Image produced and/or altered by sound - Images are rendered in realtime while synchronized to an audio stream. This category includes the sonic visualisers packaged with most modern media players, along with audio data visualizers such as eXtace, Baudline, and Sonic Visualiser. However, these applications perform no sound synthesis or other audio processing. Sound comes in from an external source, and its analyzed data is represented in a variety of visual displays, some of which can be quite striking. See the Scopes page at linux-sound.org for a list of data visualization software for Linux.
Image to sound conversion - Also known as sonification. An image is subjected to a variety of rules governing the transformation of its shapes and colors into the elements of sound. Typical associations include pixel to grain, gradient to amplitude, height and width to intensity and duration, et cetera. Programs in this category include Kurt Rosenfeld's Sound Mural, NoTAM's famed Ceres spectral editor, and the Csound5 audio synthesis system (which can create an image as well as convert one). Peter Meijer's venerable vOICe Sonification Applet is an excellent Java-based demonstration of a well-defined conversion program. 
Simultaneous synthesis of sound and graphics - In this software the audio stream and associated images are created and processed simultaneously. Exemplary programs in this category include AVSynthesis (Figure 2), Dave Griffiths' Fluxus (Figure 3), and the Pd/GEM powerhouse. Simultaneous synthesis in the audio and visual domains can place heavy demands on this software: Pd includes its own high-quality sound synthesis/processing engine, AVSynthesis leverages the great audio power of Csound5, and both programs depend on OpenGL for their image creation and processing routines. This category is the main focus for the software presented in this article.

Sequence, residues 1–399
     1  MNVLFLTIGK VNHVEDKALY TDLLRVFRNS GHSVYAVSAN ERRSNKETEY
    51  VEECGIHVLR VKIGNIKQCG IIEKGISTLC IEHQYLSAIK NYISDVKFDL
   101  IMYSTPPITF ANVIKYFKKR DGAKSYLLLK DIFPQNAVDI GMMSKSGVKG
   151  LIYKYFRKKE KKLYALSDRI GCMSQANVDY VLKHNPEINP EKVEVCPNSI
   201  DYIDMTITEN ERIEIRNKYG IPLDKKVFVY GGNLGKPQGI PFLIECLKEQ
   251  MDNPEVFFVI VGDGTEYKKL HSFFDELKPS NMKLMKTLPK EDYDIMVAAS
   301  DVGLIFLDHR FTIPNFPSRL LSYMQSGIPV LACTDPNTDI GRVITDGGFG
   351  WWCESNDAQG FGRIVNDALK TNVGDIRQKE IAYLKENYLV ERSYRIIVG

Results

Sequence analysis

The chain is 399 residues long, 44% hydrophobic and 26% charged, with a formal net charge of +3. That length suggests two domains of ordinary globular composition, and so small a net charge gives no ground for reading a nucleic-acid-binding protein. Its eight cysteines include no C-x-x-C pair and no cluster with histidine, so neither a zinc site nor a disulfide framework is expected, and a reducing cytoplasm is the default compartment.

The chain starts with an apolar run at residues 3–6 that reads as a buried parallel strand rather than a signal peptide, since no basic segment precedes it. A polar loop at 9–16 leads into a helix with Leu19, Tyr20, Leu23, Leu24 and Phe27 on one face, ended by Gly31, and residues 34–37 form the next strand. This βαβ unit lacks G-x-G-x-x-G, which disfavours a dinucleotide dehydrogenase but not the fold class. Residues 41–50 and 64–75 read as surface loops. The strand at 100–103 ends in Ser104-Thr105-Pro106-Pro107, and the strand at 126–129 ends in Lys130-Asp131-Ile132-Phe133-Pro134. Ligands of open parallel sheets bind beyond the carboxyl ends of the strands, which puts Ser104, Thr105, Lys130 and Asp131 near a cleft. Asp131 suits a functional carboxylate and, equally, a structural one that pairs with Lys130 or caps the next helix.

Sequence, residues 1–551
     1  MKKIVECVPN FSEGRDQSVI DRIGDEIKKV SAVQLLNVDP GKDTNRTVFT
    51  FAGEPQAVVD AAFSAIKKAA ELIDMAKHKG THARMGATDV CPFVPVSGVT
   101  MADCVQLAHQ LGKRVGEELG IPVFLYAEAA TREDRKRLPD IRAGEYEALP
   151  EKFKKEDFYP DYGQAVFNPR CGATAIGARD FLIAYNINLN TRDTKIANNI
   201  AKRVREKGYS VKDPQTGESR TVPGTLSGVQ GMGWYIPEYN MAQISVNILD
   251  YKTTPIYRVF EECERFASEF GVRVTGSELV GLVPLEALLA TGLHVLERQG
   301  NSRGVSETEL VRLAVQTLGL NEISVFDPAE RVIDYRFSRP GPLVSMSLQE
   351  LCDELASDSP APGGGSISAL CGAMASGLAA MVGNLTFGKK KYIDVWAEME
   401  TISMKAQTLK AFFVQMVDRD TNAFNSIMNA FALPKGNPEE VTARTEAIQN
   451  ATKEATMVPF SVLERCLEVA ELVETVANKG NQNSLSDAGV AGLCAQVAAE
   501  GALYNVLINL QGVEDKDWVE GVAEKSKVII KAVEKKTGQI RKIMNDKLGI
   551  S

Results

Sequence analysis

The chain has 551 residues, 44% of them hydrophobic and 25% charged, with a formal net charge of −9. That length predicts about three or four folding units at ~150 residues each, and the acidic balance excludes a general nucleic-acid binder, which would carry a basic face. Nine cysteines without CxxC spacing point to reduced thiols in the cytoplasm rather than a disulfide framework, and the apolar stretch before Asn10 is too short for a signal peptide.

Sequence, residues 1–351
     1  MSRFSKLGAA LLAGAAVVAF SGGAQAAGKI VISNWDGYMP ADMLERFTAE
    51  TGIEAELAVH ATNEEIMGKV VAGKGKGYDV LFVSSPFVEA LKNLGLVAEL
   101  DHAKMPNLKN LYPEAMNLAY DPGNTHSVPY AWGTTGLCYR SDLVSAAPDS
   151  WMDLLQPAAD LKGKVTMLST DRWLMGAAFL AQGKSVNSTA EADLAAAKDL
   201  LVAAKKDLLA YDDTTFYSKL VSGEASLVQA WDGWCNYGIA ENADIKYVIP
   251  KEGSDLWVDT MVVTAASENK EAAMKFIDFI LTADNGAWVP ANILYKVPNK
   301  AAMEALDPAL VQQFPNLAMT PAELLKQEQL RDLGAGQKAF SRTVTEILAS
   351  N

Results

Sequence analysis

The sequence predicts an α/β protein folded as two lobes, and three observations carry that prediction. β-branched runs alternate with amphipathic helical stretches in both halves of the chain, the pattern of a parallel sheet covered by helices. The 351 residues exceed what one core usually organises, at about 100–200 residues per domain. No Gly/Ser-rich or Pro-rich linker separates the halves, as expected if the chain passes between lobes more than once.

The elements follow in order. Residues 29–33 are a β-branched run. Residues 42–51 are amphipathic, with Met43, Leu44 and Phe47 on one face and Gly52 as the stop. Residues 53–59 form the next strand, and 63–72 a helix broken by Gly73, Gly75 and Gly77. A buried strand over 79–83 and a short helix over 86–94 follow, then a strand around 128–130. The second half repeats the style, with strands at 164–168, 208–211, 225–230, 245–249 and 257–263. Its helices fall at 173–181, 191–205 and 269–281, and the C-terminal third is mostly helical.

Some of these programs process only still images, while others work with existing video files and/or realtime live action video input. If you plan on using live feeds, make sure your kernel is compiled for Video4Linux support.
Audio/visual synthesis makes heavy demands on hardware resources. The machines I used to test the software include 2.0 GHz and 2.4 GHz CPUs, with 3 GB RAM, large fast SATA disks, and fanless nVidia 7600GS video cards with 512 MB on-board RAM. For either audio or video, these machines are workhorses, but combined sound and image synthesis wants more. It's easy to max out CPU performance with a high-quality reverberation effect applied to a looping soundfile while updating a densely texture-mapped animation with constantly morphing imagery, all calculated in realtime. Regarding hardware, bigger and faster is better and better.
As mentioned above, my focus has been on software intended for creative artists, with an emphasis on realtime or near-realtime processing capabilities. I have purposefully ignored Cinelerra, Blender, and other similar applications that are better understood as video sequence editors and compositors, though they share some of the tools and techniques of the software I'll profile in the next part of this article. Until then, hasta la vista (y la sonida) !
 Copland, Aaron, Richard Kostelanetz, and Steven Silverstein (2004) Aaron Copland: A Reader : Selected Writings 1923-1972, Routledge
 Thomas Baudel's HighC is another Java-based converter. HighC is modeled after the great UPIC composition system designed by composer Iannis Xenakis. Alas, HighC's audio output is currently broken in Linux and the author is unlikely to fix it in the near future. HighC is a proprietary project, interested readers may contact Thomas about fixing the Linux version.